China Can Help the U.S. Tackle Its Social Security CrisisPublished: January 29, 2003 in Knowledge@Wharton
Much has been written about the looming pension crisis in the U.S., Europe and Japan, whose populations are aging. Wharton finance professor Jeremy J. Siegel argues that economic growth in China and the rest of the developing world holds the key to dealing with the impending crunch.
China and the U.S. social security system seem to be worlds apart. China is grappling with the problems of rapid industrialization with a young and vigorous working population while the U.S. will soon be struggling with an aging population that will push current Social Security and Medicare systems to insolvency.
But looks are deceiving. If you study the demographic trends around the world, you come to the conclusion that the economic growth of China, as well as other developing countries, is not only the key to solving the pending U.S. social security crunch, but in fact is the only solution to the developed world’s looming pension crisis. If China, India, and the rest of the developing world stumble, we are doomed to sharply higher retirement ages, declining living standards, plunging asset prices, or some combination of all three.
The Demographic Problem
Much has been written about the aging of the population in the U.S., Europe, and Japan. There are several important features of this trend. In most of the developed countries, fertility rates, the number of children per couple, have now fallen well below the level that keeps the population constant. Furthermore, life expectancy has been increasing and the average age of retirement has been falling. In 1950, life expectancy in the U.S. was 69, only two years more than the median age of retirement. By 2000 the median retirement age fell to 62, while life expectancy rose to 76.5, increasing the length of retirement by almost 13 years.
Even if the retirement age does not decline further, the number of workers per retiree in the U.S. will plummet from 3.9 today to 2.2 in 2030, in Europe from 2.98 to 1.70, and in Japan from 2.85 to 1.46. Fifty years ago, by comparison, the U.S. had 7 and Japan 10 workers for every retiree.
Because of these demographic trends, the Social Security system in the U.S., as well as virtually all public pension funds abroad, are seriously underfunded. Under current projections of the Trustees of Social Security System, the cost of the benefits will exceed the taxes collected in 2017, and the Trust Fund will run out of assets in 2041. In less than four decades, the revenues of the program will only cover about 73% of the costs, and the shortfall increases further in subsequent years.
But the crisis for the Social Security System will come well before the Trust Fund runs out of assets. The bonds in the Fund will have to be sold in ever increasing quantities to fund retirement benefits after 2017.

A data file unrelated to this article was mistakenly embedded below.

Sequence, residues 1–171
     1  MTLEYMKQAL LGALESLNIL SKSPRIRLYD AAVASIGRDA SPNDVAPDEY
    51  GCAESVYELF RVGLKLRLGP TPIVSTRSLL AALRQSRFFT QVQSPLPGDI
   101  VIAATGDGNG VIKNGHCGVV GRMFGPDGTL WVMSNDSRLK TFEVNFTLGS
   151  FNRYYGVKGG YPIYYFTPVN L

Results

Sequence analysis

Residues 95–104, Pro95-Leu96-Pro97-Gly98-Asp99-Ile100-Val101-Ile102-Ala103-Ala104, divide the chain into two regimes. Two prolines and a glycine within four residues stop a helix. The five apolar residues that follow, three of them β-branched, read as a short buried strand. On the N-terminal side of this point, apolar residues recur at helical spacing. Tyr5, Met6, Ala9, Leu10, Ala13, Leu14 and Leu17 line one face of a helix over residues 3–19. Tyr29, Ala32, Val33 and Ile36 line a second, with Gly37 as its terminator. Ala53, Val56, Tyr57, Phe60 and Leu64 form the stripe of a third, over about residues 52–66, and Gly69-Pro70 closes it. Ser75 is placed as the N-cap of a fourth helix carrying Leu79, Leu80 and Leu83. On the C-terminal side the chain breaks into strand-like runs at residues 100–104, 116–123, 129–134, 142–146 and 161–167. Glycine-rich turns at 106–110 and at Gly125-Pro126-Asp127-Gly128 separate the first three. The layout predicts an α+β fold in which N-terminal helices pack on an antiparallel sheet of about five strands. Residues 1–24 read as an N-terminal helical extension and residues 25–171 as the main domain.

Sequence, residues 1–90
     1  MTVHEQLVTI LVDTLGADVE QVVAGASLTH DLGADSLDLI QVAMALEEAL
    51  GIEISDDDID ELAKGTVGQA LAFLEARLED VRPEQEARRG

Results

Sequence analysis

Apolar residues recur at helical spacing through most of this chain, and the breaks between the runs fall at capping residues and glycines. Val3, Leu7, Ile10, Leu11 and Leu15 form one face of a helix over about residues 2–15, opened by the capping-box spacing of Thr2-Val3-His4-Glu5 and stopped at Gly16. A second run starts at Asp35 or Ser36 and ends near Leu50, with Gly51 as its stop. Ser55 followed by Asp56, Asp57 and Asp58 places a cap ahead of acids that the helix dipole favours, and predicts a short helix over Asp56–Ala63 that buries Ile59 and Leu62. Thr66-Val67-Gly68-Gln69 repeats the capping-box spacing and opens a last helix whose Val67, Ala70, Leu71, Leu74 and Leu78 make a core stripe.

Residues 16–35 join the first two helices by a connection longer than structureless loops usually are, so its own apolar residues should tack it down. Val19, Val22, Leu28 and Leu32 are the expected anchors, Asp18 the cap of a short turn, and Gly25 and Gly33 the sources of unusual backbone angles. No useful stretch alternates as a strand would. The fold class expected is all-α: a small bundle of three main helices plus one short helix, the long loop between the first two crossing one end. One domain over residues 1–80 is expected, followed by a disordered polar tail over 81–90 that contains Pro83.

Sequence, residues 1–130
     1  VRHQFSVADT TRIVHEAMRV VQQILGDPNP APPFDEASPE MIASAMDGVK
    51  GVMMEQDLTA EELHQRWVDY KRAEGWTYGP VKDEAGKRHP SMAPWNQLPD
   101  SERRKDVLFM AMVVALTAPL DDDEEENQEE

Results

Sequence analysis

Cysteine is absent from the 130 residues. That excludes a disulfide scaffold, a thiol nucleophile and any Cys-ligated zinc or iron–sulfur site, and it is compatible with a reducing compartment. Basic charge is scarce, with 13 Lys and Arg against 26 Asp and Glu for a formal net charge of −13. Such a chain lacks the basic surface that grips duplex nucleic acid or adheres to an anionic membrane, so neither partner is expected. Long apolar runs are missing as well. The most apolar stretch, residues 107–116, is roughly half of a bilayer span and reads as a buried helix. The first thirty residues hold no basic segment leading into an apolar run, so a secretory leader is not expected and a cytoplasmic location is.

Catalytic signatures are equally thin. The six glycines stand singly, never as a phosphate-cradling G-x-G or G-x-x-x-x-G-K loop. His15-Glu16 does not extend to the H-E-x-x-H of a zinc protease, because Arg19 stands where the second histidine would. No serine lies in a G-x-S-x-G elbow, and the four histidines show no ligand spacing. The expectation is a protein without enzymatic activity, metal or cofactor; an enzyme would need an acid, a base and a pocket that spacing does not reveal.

The critical question is how will the market absorb these hundreds of billions of dollars of government bonds that are going to be sold into the markets? The younger generation is far too few in number and has too little buying power to absorb these assets except at distressed prices. The sale of these bonds will send interest rates soaring and capital markets crashing.
But the crisis facing Social Security is just the tip of the iceberg. The bonds sold from the Trust Fund represent a small fraction of the trillions of dollars of stocks and bonds that baby boomers stashed away in IRAs, Keoghs, and 401k plans. These assets, which are supposed to be the tickets to a comfortable boomer retirement, will cascade onto a market that will be incapable of absorbing them at anywhere near the price that boomers have paid for them during the bull market of the 1990s.
Effect on Retirement
A simple solution to the aging problem is for workers to defer the age of retirement. We have developed a model that calculates, given projected population and productivity trends made by the UN Population Division, how much the retirement age must increase in the developed countries over the next thirty years in order for the workers to reap the gains of higher productivity and still produce sufficient goods to support the growing retirement population. This is shown in the accompanying figure along with historical data over the past 50 years for the U.S.
The picture is not pretty. Although the retirement age has dropped five years since 1950 to its current level of 62, it will have to increase steadily to 69 years by 2030 in order to feed, clothe, and pay for the medical care of the retiring boomers. The increase in retirement age outpaces the expected increase in life expectancy, so that for the first time in modern history future generations will not only have to work longer but will have a shorter period in which to enjoy the fruits of their labor.